PubMed is a search engine accessing millions of biomedical citations. Users can freely search for biomedical references. For some articles, the access to the full text paper is also open.
This post describes how you can programmatically search the PubMed database with Python, in order to integrate searching or browsing capabilities into your Python application.
There are two main options to consider:
- Accessing the database via their public API
- Using a package that does the above for you, e.g. Biopython
The Entrez Database a.k.a. the PubMed API
The PubMed API is called the Entrez Database. It’s a web service freely accessible, although there are some guidelines to follow (at the moment of this writing, they recommend not to post more than three requests per second).
There are in total 8 different functions, or e-utilities, which access the database in different ways. Most of the utilities will return XML data, although some of them have the option to return a more convenient JSON format.
In particular, the search API is available at the following URL:
If we want to search for the term fever, the URL we need is for example:
The query string parameters used in this example:
- db=pubmed, to narrow the search down to the pubmed DB only
- retmode=json, to have a JSON string in response and not an XML
- retmax=20, to obtain 20 results
- sort=relevance, the results are sorted by relevance and not by added date which is the default ranking option on pubmed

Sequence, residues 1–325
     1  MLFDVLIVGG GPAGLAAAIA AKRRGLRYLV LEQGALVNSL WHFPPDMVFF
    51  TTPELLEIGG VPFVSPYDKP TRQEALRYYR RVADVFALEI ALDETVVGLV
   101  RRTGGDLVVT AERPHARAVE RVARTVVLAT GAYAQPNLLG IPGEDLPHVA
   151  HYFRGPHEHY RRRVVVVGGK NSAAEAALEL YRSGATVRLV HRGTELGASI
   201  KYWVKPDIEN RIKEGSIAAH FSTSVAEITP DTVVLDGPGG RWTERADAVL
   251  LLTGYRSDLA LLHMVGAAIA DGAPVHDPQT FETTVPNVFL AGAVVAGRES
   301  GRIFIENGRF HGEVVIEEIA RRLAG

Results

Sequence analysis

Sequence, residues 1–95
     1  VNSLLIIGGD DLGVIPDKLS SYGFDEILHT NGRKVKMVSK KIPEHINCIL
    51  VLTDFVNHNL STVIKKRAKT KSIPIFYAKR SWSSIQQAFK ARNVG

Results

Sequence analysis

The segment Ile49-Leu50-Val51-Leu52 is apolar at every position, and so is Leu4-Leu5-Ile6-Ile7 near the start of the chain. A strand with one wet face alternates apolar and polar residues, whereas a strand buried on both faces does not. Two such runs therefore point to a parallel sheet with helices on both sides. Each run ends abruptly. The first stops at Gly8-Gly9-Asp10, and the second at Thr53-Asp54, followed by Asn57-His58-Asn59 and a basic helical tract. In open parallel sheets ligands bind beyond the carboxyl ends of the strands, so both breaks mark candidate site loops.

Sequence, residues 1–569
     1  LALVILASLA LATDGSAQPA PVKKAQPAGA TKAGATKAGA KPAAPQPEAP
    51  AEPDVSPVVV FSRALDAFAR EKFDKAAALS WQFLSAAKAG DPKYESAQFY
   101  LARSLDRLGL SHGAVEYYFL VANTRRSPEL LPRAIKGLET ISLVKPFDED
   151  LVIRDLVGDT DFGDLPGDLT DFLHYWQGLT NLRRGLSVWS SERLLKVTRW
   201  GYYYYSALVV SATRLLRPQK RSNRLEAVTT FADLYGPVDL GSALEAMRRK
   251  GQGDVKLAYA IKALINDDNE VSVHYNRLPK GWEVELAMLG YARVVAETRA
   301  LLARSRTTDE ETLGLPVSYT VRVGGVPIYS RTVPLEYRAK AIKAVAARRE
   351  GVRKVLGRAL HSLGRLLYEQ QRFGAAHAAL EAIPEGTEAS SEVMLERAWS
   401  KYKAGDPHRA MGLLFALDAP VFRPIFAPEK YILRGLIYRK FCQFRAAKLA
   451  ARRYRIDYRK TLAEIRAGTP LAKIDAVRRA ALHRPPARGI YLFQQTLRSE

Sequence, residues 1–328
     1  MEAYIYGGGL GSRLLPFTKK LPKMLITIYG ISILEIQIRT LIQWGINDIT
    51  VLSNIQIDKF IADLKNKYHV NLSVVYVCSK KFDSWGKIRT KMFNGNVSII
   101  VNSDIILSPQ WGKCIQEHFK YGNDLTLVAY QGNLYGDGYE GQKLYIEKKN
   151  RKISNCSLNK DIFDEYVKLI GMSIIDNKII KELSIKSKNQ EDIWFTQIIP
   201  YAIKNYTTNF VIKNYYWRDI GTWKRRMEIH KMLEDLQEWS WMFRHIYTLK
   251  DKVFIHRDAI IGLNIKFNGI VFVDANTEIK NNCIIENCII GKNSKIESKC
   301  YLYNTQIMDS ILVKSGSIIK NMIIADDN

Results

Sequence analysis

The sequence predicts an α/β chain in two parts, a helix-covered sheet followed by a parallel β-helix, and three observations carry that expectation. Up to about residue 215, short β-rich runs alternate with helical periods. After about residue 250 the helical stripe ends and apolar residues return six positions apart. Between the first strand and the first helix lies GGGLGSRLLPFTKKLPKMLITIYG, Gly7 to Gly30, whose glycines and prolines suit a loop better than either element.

- term=[your query], the URL-encoded query
This search session will provide a number of PubMed IDs (probably 20) corresponding to the top citations which match our query.
In order to get some more details about these citations, we can use the efetch utility, which takes one or more citation ID as input. At the moment, the efetch utility does not return JSON, so XML is the only option to consider.
Given a list of citation IDs, the fetch operation can be built as follows
At this point, the response will be an XML to handle with e.g. minidom or other XML library. Please notice that we can query the efetch utility for multiple documents, simply by separating them with a comma.
Overall, it’s relatively easy to create the appropriate request using libraries like urllib.request or, better, requests. The response can be parsed with the json module, or minidom in case of XML.
An even more convenient way to do the job is to use an existing library that does what we need for us. A good example is Biopython, a comprehensive package for biological computation in Python.
Searching PubMed with Biopython
You can install the Biopython package with pip:
pip install biopython
The only component we need for searching PubMed is Entrez, which we can import with:
from Bio import Entrez
We can define a function for performing the search, e.g.
def search(query): Entrez.email = 'firstname.lastname@example.org' handle = Entrez.esearch(db='pubmed', sort='relevance', retmax='20', retmode='xml', term=query) results = Entrez.read(handle) return results
The list of citation IDs will be available as results[‘IdList’].
The next step is to fetch the details for all the retrieved articles via the efetch utility:
def fetch_details(id_list): ids = ','.join(id_list) Entrez.email = 'email@example.com' handle = Entrez.efetch(db='pubmed', retmode='xml', id=ids) results = Entrez.read(handle) return results
A full example of search over the term fever:
if __name__ == '__main__': results = search('fever') id_list = results['IdList'] papers = fetch_details(id_list) for i, paper in enumerate(papers): print("%d) %s" % (i+1, paper['MedlineCitation']['Article']['ArticleTitle'])) # Pretty print the first paper in full to observe its structure #import json #print(json.dumps(papers, indent=2, separators=(',', ':')))
Notice that the structure of the MedlineCitation dictionaries can get
really convoluted, so we can get familiar with it by doing some pretty-printing.
The reason for declaring your email address is to allow the NCBI to
contact you before blocking your IP, in case you’re violating the guidelines.
The Gist of the full example: